This Chef & His 69-Year-Old Dad Run An Eatery Banking On M’sians’ Love Of Homecooked Food
Within 30 minutes of opening for their dinner session, guests started filling up Kenny’s Food Cart (KFC) until there were no empty seats left. We were busy enjoying our meal, so much so that we did not realise that we were slowly being surrounded by other hungry guests.
By the time we finished our dinner, an elderly couple was already waiting for a seat in the packed restaurant and so we promptly left. That’s the extent of KFC’s popularity, and I can understand why.
KFC had already built their own fan base with its initial roadside food stall business. Once located in Taman Bahagia, the stall had been in operation for 25 years. It was manned by 69-year-old Mr. Lock who now joins forces with his chef son, Kenny, to run a brick-and-mortar restaurant with the same name, bidding goodbye to the legendary stall.
KFC officially opened its doors in June 2017 at Aman Suria and Mr. Lock manages the prepping and front-of-house operations whereas his son manages the kitchen operations. KFC specialises in Cantonese cuisine and their aim is to serve up meals reminiscent of those we’ll have in our own home. Essentially if you miss mom’s cooking, you’d be able to have something close to it at this restaurant.
Teng Chai Chuk is a signature dish that many guests returned to for more than 2 decades at the original KFC in Taman Bahagia. It was also the first dish we sampled and naturally, we had high expectations.
This one’s a classic, we were told. Back in the ’80s, Mr. Lock was working as a chef in London at a Hong Kong cuisine restaurant. Teng Chai Chuk was introduced on the menu and it was at a time when Westerners were starting to develop a deeper interest in Chinese cuisine. That was originally how the Teng Chai Chuk came to be on KFC’s menu—of course, with a signature twist by Mr. Lock himself.
The Teng Chai Chuk (RM8) is a Cantonese-style porridge and it’s slightly coarser and not very thick in texture. It comes generously filled with boiled and fried peanuts, fish paste, century egg, deep fried mee hoon, dried oyster and minced pork. With so many ingredients, it’s best to mix it together and have each element in each bite. It’s not savoury, which is good. However, if you prefer your meals to be slightly more flavourful, feel free to get some condiments from the front of the counter.
We enjoyed the Deep-Fried Fish Paste (RM4) with the porridge, but having it on its own is dangerous. Why? It was one of the dishes we devoured the quickest and we found ourselves in one of those tricky situations where everyone wanted the last piece but nobody wound up taking it. :p We liked how you can taste the fish in these fried delights and it’s not packed with flour like some other fish pastes you might find elsewhere.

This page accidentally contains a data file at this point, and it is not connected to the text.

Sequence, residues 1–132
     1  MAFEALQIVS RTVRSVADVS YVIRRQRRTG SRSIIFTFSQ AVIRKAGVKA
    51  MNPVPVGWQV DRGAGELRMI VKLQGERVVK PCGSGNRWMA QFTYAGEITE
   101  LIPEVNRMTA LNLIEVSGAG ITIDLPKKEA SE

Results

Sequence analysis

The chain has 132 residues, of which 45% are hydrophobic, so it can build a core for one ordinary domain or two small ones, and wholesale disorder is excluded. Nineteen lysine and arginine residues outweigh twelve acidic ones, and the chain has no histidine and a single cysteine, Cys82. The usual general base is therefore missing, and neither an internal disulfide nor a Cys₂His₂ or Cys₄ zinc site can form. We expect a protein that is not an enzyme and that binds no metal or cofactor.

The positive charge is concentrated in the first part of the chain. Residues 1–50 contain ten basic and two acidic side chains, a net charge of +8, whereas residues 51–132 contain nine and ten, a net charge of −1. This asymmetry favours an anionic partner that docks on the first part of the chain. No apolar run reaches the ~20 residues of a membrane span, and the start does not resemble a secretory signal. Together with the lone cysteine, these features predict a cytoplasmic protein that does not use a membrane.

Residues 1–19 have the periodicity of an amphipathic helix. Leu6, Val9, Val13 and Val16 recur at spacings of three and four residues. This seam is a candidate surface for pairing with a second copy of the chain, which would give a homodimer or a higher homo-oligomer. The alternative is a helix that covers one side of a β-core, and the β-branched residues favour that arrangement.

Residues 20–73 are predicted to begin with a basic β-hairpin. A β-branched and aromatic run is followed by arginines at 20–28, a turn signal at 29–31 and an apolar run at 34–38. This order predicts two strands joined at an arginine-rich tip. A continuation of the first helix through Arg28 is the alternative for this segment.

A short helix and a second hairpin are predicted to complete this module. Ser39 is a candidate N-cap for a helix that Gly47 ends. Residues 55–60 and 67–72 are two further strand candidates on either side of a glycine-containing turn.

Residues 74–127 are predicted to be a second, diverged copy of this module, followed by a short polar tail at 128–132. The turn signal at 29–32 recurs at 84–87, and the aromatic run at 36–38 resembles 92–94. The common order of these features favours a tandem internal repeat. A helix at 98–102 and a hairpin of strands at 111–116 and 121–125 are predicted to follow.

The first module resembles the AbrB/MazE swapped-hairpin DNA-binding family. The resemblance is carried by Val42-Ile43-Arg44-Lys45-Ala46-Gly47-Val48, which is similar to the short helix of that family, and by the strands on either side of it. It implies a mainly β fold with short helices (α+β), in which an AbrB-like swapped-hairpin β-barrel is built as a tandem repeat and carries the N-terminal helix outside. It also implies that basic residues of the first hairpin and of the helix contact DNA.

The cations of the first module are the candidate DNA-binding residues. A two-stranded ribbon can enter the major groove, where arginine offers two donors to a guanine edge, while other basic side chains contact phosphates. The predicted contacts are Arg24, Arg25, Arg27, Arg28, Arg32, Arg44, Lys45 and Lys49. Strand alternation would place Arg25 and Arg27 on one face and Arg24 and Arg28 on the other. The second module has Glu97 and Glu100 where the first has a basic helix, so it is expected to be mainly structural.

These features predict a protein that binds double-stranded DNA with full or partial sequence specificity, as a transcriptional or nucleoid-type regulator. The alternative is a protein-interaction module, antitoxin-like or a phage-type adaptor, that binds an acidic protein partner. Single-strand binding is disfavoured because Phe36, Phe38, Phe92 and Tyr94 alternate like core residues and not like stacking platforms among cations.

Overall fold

The Deep-Fried Crullers (RM1.50) were meant to be eaten with the porridge but we couldn’t resist and started having one after the other, on its own. It’s addictive, to say the least, and has a nice crunch to it. If you figure that it’d be a nice dish to order as an extra for sharing, we’d suggest ordering more than one plate as there’d probably be fights as to who gets the last piece—just saying. :p
The Stewed Soy Chicken (RM7.90) comes with a bowl of rice. The chicken itself was tender and it’s one of those proteins that just melts in the mouth. It also pulls away from the bone easily and is not overly salty. Though you can opt to have the stewed soy chicken with noodles or rice, I’d imagine that the rice would be a better choice. Even though we did not try the chicken with the noodles, the rice complements it well, perhaps because the rice absorbs the delicious sauce well.
The Signature Mushroom Chicken (RM7.50) was one of the slower moving dishes on our table. Arguably, it did have strong competitors that it was up against. We felt that the yee mee noodles were pretty standard when it comes to noodles. It was not extraordinary, nor was it something we disliked (after all, we still finished every last bit of it).
Unfortunately, this dish just did not stand out quite as much for us as we would have liked it too. However, if you’re a lover of yee mee noodles, you would enjoy how the mushroom flavour stands out and the shredded chicken bits are soft and melts in the mouth.
Stop by KFC if you’re looking for meals that will evoke a sense of nostalgia and try the Teng Chai Chuk out yourself. Be sure to walk through the memory lane of black and white photo frames on the wall while you’re there too. It documents KFC’s journey from their early beginnings and frankly, it’s nice to see how far they’ve come—from their humble beginnings in Taman Bahagia, to an ever-crowded brick-and-mortar restaurant in Aman Suria.
Kenny’s Food Cart
Hours: Tuesday-Sunday: 11.30am-2.30pm, 6pm-10pm (Closed on Mondays).
Address: K-G-11 Jalan PJU 1/43 Aman Suria, Petaling Jaya
Website: Kenny’s Food Cart
Tel: 03-7497 2199